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Nutrition Surveys and Surveillance Activities in Russia and the Newly Independent States: A Review of USAID-Sponsored Activities 5 Considerations for Future Activities ◆ ◆ ◆ ◆ ◆ This chapter provides suggestions for the future content and conduct of USAID nutrition surveys and surveillance activities. The committee offers these in the hopes that they will be of use to USAID in its future work in the NIS. To the extent that there are ongoing changes in the NIS that threaten market and household food security and the quality of the food supply, the food and nutrition situation in the NIS should continue to be monitored. Suggested minimal and optimal measures have been described in the report. In future surveys and surveillance activities, attention should be paid to obtaining qualitative information prior to study design. Study methods, content, and analysis should be designed with the outcome in mind: enhanced decision making, particularly by health policymakers in the NIS. These activities should be designed considering the ethnic and sociocultural characteristics of their target populations and in consultation with national/regional/local decision makers, key informants, frontline service staff, researchers, and others with an interest in these activities. More attention should be paid to tailoring monitoring systems accordingly. The committee believes that the three previous suggestions will help minimize problems that have occurred in some past surveys. These problems have resulted, in many cases, in a relatively small amount of available information useful for decision making, a lack of useful current information, and an uneven quality across surveys.
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Nutrition Surveys and Surveillance Activities in Russia and the Newly Independent States: A Review of USAID-Sponsored Activities ADDITIONAL AREAS TO PURSUE Assistance should be provided to implement food fortification programs in order to reduce the problems of rickets, goiter, and anemia, to the extent that these problems are documented. Evidence of decreasing iodine intake or increased rates of goiter or rickets should be viewed as an emergency. In some areas or population groups, there may be a need to investigate further the causes of anemia, including the potential role of environmental pollution. To reduce the prevalence of micronutrient deficiencies in the population, a combination of assistance from the FDA to establish standards for processed food composition and micronutrient fortification and from the private food-processing industry in techniques for food fortification would be extremely desirable in ensuring that the food-processing sector makes as rapid and widespread a contribution as possible. Additional opportunities for joint participation in, and coordination of, activities with other bilateral and multilateral organizations should be explored and defined. Evaluation of the situation in the NIS differs from the assessment of a chronically malnourished population, which is the more usual situation, and for which accepted survey methods have been developed. There is, therefore, a need to develop new methods to detect “hunger ” in generally (or previously) well-nourished populations such as most of those in the NIS. Declines in nutritional status in such populations, especially in the short-term, may be more difficult to detect reliably than a simple determination of nutritional status at a given point in time. The committee suggests that USAID consider the formation of an advisory group, whose function would be to expand upon, coordinate and advise on the many qualitative activities described in the report; coordinate and, perhaps, standardize future survey and surveillance activities; and help interpret, disseminate, and follow up on results and on surveillance activities in general. Emergency feeding in the form of direct feeding programs should be based on evidence of food shortage, rather than a lack of purchasing power. One exception is the careful targeting of vulnerable groups who consume a relatively small proportion of the food supply. These vulnerable groups may differ from those usually targeted in developing countries. Based on evidence that women of reproductive age have a high risk of morbidity and mortality due to a high prevalence of anemia and high rates of abortion, consideration should be given to ways of increasing nutrient supplementation to this group (perhaps through UNICEF), as well as enhancing access to contraceptive technology. In no document was consideration given to food rationing. If food availability is scarce, this programmatic action may be helpful. Any decision of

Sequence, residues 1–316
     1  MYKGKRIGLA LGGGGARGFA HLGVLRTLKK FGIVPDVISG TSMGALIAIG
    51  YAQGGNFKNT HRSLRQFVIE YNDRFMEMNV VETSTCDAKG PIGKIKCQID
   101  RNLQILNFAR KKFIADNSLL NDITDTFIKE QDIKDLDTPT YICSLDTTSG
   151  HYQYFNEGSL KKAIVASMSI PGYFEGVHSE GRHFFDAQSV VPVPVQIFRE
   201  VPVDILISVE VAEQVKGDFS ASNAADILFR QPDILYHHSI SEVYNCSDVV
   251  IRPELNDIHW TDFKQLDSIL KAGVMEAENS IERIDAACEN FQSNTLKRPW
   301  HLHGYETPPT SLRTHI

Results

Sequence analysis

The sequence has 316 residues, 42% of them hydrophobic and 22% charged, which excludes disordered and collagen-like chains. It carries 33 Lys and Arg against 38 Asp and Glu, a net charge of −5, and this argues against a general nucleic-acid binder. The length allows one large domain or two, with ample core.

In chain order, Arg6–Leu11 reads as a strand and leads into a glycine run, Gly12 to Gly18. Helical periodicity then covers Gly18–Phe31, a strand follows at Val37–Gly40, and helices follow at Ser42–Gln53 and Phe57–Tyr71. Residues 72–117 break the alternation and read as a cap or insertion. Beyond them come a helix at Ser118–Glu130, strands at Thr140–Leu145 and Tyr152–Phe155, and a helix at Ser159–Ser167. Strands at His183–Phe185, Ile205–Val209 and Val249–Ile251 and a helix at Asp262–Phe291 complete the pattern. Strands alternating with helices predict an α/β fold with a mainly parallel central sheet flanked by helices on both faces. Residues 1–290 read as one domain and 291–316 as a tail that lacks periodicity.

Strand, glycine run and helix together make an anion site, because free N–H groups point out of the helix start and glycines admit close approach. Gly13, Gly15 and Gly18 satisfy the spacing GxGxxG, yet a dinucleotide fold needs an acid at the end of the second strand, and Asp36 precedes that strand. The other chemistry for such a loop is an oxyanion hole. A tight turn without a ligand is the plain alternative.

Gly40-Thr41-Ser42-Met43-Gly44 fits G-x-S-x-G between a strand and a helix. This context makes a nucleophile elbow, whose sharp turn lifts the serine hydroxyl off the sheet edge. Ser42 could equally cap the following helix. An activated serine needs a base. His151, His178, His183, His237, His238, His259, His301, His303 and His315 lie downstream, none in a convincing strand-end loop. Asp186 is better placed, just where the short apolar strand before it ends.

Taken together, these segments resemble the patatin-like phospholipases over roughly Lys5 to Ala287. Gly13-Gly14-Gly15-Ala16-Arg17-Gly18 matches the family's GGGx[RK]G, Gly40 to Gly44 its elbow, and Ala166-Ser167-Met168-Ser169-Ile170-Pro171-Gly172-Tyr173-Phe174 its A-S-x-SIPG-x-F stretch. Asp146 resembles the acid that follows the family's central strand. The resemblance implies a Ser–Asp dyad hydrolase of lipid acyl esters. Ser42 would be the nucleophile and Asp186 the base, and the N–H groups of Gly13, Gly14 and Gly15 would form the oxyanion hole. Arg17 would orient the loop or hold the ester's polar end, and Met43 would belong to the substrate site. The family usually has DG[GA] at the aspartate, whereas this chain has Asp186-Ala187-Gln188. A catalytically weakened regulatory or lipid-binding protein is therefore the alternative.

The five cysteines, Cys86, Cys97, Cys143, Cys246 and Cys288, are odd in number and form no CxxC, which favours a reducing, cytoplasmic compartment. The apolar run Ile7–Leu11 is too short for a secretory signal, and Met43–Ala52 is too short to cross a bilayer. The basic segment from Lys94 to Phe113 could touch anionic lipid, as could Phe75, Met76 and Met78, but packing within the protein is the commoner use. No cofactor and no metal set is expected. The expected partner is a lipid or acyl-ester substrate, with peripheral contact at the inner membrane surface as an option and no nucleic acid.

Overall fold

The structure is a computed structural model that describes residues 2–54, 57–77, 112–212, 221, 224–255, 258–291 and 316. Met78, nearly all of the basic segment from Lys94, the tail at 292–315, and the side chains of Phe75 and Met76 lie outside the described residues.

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Nutrition Surveys and Surveillance Activities in Russia and the Newly Independent States: A Review of USAID-Sponsored Activities this type should be made by the appropriate policymakers in the NIS, taking into account the serious political implications. SPECIFIC SUGGESTIONS REGARDING ON-GOING NUTRITION SURVEYS The RLMS is potentially a very informative survey. The CIN's recommendations on how to proceed with the RLMS are provided in Appendix B and are summarized as follows: The first recommendation for the RLMS is to identify focused policy questions that the current protocol was intended to address and the specific data that are required to answer these questions. This task should involve decision makers from USAID and appropriate counterparts in the NIS. Dummy tables can then be drawn up and analyses produced as soon as possible. This process will enable all parties to review the usefulness and timeliness of data collection. It is also recommended that a solid scientific review of the RLMS be undertaken after the above analyses are available. The committee did not have the necessary information or time to perform this service. The review will take experts several days to accomplish. Based on the former two activities and qualitative evidence of food insecurity in Russia, USAID and NIS counterparts will be able to develop a core group of essential indicators for monitoring the ongoing effects of economic reforms. These indicators should take priority in collection and analysis and be sustainable within the current Russian infrastructure. The purpose of collecting additional data needs to be articulated and justified. Finally, due to the rapid decline in meat, fish, dairy product, vegetable, and fruit consumption in 49,000 Russian families between 1991 and 1992 reported in the Goskomstat survey (Volgarev, 1992), a detailed evaluation of the methodology and the suitability of the data for surveillance should be undertaken.